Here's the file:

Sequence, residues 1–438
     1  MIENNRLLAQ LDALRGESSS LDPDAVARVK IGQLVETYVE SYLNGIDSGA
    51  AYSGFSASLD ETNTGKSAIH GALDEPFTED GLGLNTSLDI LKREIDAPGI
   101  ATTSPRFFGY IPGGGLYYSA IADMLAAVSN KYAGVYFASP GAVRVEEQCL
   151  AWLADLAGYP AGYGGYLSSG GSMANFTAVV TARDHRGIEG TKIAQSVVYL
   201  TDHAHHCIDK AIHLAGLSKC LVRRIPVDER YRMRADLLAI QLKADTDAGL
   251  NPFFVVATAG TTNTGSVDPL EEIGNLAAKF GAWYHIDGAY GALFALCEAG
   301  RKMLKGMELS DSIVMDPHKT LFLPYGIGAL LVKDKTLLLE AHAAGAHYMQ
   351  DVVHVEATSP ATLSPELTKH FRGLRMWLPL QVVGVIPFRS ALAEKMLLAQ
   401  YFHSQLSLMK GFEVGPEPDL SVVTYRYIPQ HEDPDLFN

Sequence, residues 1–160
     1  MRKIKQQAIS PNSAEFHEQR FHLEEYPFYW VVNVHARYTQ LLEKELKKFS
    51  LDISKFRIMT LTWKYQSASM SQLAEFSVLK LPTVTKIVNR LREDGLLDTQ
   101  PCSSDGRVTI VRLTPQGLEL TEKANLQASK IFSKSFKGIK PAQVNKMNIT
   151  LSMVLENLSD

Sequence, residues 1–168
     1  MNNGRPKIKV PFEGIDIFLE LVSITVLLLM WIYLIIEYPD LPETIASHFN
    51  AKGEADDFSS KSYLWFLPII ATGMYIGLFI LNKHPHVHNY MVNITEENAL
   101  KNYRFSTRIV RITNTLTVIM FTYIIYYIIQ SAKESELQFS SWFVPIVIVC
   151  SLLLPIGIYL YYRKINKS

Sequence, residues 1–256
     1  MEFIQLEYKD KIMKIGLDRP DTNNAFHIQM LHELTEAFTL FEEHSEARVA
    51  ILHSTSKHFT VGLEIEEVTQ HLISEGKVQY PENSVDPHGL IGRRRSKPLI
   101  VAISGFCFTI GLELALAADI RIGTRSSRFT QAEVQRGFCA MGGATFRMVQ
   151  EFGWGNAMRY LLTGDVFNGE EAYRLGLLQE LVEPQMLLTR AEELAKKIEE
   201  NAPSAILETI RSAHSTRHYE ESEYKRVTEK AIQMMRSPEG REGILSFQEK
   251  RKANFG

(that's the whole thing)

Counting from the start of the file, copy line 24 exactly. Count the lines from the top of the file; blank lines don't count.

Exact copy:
   101  VAISGFCFTI GLELALAADI RIGTRSSRFT QAEVQRGFCA MGGATFRMVQ